blackhaw

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blackhaw

blackhaw

Bush or small tree 6-25ft (2-9m) with short crooked trunk and strong branches with very rough reddish-brown bark. Simple thin oval shiny leaves, white flower clusters. Fruit is blue-black berry looking, edible after frost (advisable to not eat uncooked). Bark, root or stems used as a sedative, for gynecological issues, menstrual cramps, (relaxes uterus), menopause. Anti-spasmodic also used for digestive cramps, bronchitis, asthma and lung problems. Used historically to prevent miscarriages and abortions. Also contains salicin (natural aspirin).
References in periodicals archive ?
Viburnum Opulus, commonly referred to as cramp bark, is a plant native to Europe, Northern Africa, and Northern Asia.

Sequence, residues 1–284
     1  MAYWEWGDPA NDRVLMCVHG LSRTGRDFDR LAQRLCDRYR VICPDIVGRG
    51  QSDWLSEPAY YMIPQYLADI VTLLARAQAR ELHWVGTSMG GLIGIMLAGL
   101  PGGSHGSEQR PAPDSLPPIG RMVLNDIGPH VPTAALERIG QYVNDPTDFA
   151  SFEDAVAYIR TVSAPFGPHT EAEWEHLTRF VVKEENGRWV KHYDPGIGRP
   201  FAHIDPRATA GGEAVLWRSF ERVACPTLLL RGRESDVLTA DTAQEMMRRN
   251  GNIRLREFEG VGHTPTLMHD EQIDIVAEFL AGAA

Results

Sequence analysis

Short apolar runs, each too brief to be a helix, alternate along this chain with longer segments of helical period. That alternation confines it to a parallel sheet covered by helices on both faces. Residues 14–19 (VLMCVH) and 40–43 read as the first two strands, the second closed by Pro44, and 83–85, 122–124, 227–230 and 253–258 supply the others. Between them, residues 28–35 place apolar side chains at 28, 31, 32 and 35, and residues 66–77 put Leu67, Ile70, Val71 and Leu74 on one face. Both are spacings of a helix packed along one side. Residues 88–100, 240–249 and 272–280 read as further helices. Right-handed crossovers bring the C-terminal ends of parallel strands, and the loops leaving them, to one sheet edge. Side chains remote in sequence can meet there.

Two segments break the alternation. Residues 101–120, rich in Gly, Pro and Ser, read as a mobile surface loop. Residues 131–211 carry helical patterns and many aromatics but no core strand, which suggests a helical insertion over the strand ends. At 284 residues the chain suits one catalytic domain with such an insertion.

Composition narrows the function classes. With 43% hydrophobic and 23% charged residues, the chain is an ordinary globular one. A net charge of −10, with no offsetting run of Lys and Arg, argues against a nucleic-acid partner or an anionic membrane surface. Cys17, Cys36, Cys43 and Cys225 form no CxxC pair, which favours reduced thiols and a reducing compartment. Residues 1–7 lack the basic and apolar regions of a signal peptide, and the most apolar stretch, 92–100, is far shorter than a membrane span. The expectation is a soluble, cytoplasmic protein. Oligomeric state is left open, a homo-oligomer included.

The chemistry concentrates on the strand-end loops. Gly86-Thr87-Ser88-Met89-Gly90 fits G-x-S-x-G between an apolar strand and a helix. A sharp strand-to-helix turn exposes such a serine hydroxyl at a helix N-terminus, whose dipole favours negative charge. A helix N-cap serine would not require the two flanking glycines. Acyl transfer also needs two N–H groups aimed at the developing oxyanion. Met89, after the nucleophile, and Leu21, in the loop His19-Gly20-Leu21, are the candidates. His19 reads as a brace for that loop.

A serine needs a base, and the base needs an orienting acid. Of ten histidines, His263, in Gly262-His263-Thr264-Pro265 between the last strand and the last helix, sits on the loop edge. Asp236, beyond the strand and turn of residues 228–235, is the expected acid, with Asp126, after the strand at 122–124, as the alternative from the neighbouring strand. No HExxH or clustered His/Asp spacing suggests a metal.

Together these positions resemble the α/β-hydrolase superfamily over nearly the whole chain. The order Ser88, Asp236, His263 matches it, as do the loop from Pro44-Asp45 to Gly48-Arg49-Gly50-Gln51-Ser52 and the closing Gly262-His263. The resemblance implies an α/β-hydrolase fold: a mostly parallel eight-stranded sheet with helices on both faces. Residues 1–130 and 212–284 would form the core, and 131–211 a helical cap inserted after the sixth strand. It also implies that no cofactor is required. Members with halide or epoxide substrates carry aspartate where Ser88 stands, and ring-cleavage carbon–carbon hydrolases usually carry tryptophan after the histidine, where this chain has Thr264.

Judging from the determination of the newly-empowered consumers of health services, which includes feminist health advocates as well as women looking to buy some cramp bark when they have their period, a little politicking isn't going to cramp the style of this nifty revolution.
** Cramp bark capsules or tincture: 2 caps or 1 tsp every 3 hours
Some gentle herbal muscle relaxants that also help with mental relaxation might help and skullcap tincture and cramp bark tincture would be helpful, too.
Cramp bark is an ideal herb for this, as its name suggests, it helps with cramps.
Herbalists also recommend drinking teas containing the following three times a day: cinnamon, cramp bark, ginger, ginseng, lemon balm, lady's mantle, motherwort, vervain, and winter cherry.
Herbalists also recommend drinking teas containing the following three times a day ( cinnamon, cramp bark, ginger, ginseng, lemon balm, lady's mantle, motherwort, vervain, and winter cherry.
Feverfew and cramp bark address overall discomfort.